Rand Baldwin

At work or play, sometimes I talk about it here.

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  • Mail:rand@randbaldwin.com

Is Your Site Ready for Facebook Shares?

If you don’t know anything about Open Graph, then the answer is no.

Here are the tags to use:

<meta property=”og:image” content=”http://yourname.com/images/logo.jpg” />
The full url to the image you created that you specifically want Facebook to show as a thumbnail when you are shared. That means no relative urls, be sure to include the http:// so a bot from the outside can get all the way to it. If you don’t use this in the head section of your web page, and you or somebody shares your page on Facebook, FB will try to guess what to show and you don’t know what image will end up in the post for everyone to see (if any).

Also be aware of these:

<meta property=”og:url” content=”http:// the canonical link” />
Are there different ways to get to the page? Meaning different urls that lead to the info you want to share? One with www one without? Some other variations generated by content management systems with different parameters in the url? Do you want your analytics to be nice and clean? Then consider this.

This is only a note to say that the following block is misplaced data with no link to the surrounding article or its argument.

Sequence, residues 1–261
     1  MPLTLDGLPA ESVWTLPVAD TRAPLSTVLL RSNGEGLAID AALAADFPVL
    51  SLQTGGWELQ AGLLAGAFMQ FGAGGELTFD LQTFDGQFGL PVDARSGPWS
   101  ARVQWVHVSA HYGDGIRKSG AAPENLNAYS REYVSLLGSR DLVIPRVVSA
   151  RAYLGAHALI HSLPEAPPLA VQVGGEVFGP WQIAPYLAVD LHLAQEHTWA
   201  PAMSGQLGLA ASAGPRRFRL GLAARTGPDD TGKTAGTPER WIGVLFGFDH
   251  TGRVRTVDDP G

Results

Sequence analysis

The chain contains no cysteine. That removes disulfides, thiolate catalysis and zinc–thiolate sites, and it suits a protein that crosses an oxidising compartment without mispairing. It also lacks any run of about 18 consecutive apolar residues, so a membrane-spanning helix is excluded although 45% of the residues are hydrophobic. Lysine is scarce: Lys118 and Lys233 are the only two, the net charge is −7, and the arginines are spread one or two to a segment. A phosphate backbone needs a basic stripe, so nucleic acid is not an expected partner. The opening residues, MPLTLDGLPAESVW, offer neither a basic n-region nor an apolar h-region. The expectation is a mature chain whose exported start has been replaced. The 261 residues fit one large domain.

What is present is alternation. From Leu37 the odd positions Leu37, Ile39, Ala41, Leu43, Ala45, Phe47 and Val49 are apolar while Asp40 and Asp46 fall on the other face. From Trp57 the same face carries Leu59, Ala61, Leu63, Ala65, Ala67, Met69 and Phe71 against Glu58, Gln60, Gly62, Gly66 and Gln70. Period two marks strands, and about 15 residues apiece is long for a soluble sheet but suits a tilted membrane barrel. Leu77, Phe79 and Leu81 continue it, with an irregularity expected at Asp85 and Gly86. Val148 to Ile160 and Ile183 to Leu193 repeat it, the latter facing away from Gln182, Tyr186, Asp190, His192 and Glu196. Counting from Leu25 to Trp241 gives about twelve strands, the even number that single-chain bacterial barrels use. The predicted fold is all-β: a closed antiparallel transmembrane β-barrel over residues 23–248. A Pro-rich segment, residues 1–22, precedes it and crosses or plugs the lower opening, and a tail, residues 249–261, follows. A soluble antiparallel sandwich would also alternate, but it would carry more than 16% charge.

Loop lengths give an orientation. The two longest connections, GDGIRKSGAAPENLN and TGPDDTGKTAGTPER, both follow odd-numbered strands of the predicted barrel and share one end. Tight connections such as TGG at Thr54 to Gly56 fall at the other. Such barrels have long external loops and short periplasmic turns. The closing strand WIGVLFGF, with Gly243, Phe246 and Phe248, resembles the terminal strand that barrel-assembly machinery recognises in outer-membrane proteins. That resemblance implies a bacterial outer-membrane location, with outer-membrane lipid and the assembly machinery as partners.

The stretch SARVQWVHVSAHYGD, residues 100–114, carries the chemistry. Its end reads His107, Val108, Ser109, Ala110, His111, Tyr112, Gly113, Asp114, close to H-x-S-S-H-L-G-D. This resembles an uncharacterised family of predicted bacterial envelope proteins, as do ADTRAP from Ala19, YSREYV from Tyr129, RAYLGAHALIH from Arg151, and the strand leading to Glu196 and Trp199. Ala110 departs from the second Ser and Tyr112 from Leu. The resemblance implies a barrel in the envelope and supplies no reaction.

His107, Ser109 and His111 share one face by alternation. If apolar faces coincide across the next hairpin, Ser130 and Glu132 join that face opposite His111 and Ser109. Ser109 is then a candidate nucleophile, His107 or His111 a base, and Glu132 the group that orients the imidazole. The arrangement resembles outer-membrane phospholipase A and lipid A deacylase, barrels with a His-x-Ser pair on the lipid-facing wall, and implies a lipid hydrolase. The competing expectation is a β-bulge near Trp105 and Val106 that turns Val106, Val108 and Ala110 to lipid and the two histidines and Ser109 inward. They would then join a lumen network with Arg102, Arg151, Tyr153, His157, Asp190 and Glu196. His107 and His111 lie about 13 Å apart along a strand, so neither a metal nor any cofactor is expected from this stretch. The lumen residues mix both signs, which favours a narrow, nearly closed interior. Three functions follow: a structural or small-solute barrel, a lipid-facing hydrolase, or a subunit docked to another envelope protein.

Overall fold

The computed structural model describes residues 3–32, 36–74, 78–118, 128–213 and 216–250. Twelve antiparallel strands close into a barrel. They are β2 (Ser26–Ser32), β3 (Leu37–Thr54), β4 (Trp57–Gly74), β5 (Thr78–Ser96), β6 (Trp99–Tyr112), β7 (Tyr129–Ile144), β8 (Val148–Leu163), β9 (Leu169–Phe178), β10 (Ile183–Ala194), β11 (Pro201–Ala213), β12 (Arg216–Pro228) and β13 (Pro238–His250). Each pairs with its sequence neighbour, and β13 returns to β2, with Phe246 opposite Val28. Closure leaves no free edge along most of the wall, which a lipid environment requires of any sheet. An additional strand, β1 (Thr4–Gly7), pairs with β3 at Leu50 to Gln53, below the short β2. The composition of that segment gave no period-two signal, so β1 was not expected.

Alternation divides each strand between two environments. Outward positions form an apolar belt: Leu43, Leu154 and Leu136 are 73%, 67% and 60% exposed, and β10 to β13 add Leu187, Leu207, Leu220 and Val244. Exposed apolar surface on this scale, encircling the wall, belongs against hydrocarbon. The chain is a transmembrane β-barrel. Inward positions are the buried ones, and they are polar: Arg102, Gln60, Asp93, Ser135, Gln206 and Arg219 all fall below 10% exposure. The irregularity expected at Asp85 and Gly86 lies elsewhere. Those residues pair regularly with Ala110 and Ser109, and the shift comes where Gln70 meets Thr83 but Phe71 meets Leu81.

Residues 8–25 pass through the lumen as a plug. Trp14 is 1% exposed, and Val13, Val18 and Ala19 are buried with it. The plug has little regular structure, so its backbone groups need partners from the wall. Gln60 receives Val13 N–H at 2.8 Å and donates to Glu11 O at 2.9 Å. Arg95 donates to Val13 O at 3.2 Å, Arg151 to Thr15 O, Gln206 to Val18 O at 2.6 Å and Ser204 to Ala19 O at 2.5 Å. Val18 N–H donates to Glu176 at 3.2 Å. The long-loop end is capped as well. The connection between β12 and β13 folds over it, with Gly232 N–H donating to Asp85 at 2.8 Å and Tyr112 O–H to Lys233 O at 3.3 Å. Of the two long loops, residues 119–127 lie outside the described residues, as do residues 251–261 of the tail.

Have you ever been annoyed at Facebook shares where read the “title” and then start reading below and the next thing you see is an exact duplicate of the same title? If you want to look professional and have complete control over how your pages are shared online, use these tags to your advantage:

<meta property=”og:type” content=”article” />
<meta property=”og:title” content=”The Title of your Article” />
<meta property=”og:description” content=”A short description of the article” />


If the above doesn’t make sense to you (especially the stuff in blue), but you care about how your shares look on social media, give me a shout to discuss.


 

Summary: I feel that IMAGE is perhaps most important because it’s the quick visual that can grab viewers’ eyes and make the strongest first impression, which can be stellar or major fail. Then TITLE and DESCRIPTION because those are what people read before deciding to click for more, and you don’t want the redundancy bumble. Also, you may want to specify some different wording than what FB would pickup from your page’s generic title and description metas.

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